This Greenpoint pilot program could be a game changer for food takeout waste in NYC

This Greenpoint pilot program could be a game changer for food takeout waste in NYC
You could recycle this, but you probably don’t. Via Flickr user pinprick.

One of the great things about living in the food delivery paradise that is New York City is you never have to pay for tupperware. Soggy paper boxes, crinkly aluminum dishes and the horrendous immortal waste of styrofoam are becoming less common, replaced by a constant flow of perfectly reusable plastic tubs. The downside to that is it creates lots of garbage because you can only save so many miso soup containers in your cabinet. And remember that recycling doesn’t absolve your sins: It’s where something comes from, not where it ends up, that creates the most waste.

The solution to all of this would be to order in less, cook more and use less waste, but lol this is America in 2016 and there’s nothing we love more than exercising our rights to CREATE WASTE. But now, as the Brooklyn Paper reports, two Greenpoint restaurants are trying to solve this problem by starting to use truly reusable containers — and offering you a discount for bringing them back.

The first restaurant, Anella (222 Franklin Ave.), started offering the containers, called Shareware, on Dec. 8.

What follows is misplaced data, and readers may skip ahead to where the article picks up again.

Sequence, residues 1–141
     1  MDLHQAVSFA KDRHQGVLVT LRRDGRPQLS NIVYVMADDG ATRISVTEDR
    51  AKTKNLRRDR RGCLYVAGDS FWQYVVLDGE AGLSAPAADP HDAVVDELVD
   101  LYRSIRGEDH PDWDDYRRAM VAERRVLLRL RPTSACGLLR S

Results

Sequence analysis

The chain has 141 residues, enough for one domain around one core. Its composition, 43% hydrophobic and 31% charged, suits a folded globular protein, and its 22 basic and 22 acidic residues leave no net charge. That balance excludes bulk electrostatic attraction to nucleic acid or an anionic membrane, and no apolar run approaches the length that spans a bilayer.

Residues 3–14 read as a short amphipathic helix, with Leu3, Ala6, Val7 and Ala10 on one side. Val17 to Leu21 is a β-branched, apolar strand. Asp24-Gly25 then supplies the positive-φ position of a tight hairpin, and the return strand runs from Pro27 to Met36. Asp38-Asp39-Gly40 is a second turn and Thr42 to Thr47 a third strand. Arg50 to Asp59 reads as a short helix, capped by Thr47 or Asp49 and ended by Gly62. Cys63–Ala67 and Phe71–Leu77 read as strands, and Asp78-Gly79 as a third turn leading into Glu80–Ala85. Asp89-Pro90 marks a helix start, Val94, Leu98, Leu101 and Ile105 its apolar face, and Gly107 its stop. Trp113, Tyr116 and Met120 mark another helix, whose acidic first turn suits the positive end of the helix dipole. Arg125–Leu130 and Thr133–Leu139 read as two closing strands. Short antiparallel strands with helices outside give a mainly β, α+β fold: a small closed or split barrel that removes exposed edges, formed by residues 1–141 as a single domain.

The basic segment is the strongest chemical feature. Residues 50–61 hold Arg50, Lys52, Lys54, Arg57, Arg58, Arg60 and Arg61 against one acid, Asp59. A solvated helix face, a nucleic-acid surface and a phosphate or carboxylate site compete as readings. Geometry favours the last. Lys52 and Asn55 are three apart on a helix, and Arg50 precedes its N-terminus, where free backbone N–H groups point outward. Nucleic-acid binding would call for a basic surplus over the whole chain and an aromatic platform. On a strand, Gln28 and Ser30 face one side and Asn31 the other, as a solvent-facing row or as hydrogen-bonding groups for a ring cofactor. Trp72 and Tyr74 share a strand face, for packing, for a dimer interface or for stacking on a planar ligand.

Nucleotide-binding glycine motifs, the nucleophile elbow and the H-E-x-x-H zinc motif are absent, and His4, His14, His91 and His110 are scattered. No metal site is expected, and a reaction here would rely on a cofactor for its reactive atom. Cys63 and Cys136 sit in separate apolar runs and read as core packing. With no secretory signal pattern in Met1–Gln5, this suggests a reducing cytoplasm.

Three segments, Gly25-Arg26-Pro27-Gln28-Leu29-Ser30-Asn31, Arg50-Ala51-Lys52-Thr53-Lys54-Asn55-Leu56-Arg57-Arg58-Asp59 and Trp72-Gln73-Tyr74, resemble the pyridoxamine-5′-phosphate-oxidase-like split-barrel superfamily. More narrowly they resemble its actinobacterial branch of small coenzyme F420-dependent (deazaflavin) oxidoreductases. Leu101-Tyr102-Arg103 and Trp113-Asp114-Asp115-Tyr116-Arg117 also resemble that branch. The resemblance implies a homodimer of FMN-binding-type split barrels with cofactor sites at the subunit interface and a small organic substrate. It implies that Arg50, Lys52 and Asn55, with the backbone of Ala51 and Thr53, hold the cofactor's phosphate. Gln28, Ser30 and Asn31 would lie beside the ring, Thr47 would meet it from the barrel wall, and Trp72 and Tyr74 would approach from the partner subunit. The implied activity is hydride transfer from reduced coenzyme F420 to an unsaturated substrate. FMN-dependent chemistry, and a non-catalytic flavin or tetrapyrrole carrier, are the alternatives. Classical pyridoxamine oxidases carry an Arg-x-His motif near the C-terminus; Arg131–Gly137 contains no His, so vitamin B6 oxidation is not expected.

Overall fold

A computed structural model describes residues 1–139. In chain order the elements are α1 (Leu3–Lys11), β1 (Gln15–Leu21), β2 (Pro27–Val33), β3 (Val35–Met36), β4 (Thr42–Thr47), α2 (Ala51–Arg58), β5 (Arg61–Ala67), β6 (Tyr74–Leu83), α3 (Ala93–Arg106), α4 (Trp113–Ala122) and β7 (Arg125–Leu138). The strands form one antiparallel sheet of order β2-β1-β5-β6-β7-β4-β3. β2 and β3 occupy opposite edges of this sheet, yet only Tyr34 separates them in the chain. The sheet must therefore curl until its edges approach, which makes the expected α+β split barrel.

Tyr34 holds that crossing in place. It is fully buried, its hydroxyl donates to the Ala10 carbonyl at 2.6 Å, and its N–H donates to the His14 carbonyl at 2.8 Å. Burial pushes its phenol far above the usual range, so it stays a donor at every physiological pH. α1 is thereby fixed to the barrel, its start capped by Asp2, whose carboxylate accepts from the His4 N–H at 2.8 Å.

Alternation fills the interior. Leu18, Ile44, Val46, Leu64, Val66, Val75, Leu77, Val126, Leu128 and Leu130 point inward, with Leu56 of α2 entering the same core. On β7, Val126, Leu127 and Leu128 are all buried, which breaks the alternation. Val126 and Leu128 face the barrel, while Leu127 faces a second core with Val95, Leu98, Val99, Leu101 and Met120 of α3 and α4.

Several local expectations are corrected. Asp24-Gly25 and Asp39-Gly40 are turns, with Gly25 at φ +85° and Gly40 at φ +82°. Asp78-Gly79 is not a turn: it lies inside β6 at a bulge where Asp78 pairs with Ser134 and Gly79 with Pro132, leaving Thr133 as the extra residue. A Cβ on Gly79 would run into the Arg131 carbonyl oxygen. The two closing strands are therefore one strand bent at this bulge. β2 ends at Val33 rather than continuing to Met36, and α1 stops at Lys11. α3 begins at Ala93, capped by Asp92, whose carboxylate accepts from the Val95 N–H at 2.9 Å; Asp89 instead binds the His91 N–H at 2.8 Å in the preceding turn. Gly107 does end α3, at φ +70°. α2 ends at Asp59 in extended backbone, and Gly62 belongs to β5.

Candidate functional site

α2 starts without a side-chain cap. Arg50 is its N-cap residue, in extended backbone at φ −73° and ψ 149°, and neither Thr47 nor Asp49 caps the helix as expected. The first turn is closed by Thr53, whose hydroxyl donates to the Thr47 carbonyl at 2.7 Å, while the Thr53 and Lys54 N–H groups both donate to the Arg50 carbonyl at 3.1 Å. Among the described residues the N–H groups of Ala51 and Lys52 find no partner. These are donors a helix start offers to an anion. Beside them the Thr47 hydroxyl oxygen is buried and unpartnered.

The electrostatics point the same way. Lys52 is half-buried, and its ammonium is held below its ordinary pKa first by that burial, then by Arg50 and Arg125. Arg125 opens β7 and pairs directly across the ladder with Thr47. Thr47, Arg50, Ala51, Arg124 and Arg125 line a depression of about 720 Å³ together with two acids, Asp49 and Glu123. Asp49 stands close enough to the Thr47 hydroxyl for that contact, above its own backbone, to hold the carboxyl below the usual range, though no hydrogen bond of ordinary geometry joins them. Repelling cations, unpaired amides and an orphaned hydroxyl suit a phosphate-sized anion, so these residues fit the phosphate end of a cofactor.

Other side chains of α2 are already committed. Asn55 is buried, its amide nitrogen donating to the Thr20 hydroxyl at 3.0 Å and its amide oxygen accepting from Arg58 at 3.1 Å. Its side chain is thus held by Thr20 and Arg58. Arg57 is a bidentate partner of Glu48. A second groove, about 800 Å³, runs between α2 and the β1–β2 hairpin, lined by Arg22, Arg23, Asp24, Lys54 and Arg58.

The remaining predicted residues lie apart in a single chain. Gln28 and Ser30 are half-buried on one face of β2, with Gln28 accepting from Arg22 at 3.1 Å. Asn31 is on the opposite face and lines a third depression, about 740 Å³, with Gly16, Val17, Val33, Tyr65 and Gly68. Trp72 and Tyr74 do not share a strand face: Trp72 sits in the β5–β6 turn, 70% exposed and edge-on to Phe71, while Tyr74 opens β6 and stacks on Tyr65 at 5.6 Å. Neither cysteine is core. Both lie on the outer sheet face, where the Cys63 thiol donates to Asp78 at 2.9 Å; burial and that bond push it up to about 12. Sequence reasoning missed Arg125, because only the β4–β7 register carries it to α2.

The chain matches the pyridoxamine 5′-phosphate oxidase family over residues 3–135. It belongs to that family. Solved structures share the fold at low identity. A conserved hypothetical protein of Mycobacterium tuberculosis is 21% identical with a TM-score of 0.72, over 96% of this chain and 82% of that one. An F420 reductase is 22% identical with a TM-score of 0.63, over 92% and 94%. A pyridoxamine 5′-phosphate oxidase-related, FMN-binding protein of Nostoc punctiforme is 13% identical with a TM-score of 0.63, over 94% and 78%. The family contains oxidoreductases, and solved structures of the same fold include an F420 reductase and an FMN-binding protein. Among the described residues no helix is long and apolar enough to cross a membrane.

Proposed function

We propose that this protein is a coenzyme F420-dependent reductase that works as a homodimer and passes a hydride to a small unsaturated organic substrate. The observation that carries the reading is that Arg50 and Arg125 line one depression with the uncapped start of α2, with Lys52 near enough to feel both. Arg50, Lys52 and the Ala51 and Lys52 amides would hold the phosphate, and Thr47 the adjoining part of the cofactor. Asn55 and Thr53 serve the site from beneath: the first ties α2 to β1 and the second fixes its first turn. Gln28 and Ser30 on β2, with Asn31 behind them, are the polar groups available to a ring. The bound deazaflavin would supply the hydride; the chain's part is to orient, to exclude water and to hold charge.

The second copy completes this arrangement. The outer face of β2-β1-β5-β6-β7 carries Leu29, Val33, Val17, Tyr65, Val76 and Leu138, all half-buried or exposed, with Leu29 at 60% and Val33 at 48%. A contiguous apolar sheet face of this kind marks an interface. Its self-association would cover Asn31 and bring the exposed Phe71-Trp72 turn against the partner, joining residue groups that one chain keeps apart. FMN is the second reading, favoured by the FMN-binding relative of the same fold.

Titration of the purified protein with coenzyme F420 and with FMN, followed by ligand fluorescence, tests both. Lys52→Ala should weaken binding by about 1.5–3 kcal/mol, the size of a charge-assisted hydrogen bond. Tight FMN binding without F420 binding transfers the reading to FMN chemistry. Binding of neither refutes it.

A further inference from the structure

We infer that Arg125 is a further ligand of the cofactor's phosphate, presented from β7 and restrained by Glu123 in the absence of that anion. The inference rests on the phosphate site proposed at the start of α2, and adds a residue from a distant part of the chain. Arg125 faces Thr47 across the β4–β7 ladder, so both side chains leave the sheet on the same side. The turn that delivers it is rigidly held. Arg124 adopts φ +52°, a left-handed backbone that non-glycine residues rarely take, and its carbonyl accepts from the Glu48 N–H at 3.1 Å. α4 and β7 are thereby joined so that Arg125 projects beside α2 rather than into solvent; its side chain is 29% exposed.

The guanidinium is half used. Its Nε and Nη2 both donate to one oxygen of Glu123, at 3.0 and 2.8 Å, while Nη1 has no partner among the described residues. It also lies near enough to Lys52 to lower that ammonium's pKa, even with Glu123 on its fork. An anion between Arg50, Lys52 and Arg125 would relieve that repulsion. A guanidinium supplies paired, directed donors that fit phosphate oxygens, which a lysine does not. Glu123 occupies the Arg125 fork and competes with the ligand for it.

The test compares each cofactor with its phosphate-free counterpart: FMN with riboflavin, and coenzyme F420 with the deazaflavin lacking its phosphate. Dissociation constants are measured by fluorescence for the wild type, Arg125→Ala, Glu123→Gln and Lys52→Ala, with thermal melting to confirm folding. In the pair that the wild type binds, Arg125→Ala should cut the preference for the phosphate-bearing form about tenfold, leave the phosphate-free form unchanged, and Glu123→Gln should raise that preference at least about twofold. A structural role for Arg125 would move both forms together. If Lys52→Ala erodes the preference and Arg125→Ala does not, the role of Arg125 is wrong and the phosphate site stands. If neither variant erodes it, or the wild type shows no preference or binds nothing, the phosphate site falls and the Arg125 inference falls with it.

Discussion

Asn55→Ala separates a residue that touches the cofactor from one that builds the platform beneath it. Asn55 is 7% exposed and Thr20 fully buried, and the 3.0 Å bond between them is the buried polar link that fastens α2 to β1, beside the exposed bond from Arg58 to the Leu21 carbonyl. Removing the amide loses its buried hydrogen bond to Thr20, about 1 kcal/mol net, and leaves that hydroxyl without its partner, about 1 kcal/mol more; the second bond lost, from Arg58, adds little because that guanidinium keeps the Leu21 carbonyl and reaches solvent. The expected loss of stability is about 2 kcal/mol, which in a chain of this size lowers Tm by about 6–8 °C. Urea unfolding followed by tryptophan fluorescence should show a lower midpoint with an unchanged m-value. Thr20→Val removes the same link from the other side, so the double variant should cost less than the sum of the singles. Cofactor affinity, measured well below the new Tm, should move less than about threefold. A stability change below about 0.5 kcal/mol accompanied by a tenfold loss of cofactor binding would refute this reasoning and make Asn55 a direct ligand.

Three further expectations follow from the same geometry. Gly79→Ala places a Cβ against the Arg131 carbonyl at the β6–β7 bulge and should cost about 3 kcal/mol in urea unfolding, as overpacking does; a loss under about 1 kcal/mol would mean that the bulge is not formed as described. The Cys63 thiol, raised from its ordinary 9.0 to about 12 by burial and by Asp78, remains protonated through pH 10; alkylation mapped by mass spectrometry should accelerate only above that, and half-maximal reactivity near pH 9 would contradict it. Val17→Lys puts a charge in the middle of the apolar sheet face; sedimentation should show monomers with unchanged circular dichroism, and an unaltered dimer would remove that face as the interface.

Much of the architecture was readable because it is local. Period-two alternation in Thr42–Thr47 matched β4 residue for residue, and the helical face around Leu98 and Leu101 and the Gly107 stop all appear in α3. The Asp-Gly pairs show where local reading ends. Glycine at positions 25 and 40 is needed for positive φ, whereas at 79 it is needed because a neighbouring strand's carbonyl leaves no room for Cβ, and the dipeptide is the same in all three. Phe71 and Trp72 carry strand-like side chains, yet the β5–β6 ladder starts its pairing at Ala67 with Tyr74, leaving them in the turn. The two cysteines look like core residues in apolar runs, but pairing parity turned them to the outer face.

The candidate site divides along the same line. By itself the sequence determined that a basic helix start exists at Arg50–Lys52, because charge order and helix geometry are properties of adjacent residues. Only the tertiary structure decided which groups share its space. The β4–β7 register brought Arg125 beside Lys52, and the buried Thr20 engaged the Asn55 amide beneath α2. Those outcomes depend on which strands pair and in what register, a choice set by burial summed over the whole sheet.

“The restaurant business is such a wasteful industry as it is,” Todd Andrews, the chef and general manager at Anella, told the Brooklyn Paper. “I think it’s an opportunity to show people it’s possible to at least attempt to cut down on restaurant waste.”

The other restaurant is comfort food spot Jimmy’s (92 Calyer St.). Using the Shareware is slightly complicated than just hitting “order” on Seamless though.


First, you have to sign up through the Shareware website to let the restaurant know you’re participating. You get your meal in the containers; then rinse them out and return them (no need to fully scrub them down). Then you get 10 percent off your order next time.

It’s a pilot program slated to last five months; after that, it’s unclear what happens. If you live near these spots, give the program a try, because it can only save you money.

If it doesn’t catch on, use it as a reminder that you could do a lot to cut down on your own contributions to waste in this city. Did you know that your hands and/or backpack can carry things just as well, and often better than, a crappy plastic bag from a bodega? You maybe never thought of saying “I don’t need a bag” when the bodega worker tries to force it on you out of habit, but try it sometime, you’ll be impressed to discover your hands had the super powered ability to carry things all on their own. And that will be one fewer bit of plastic whose entire lifespan of usefulness was in the five-minute walk from the bodega to your apartment.

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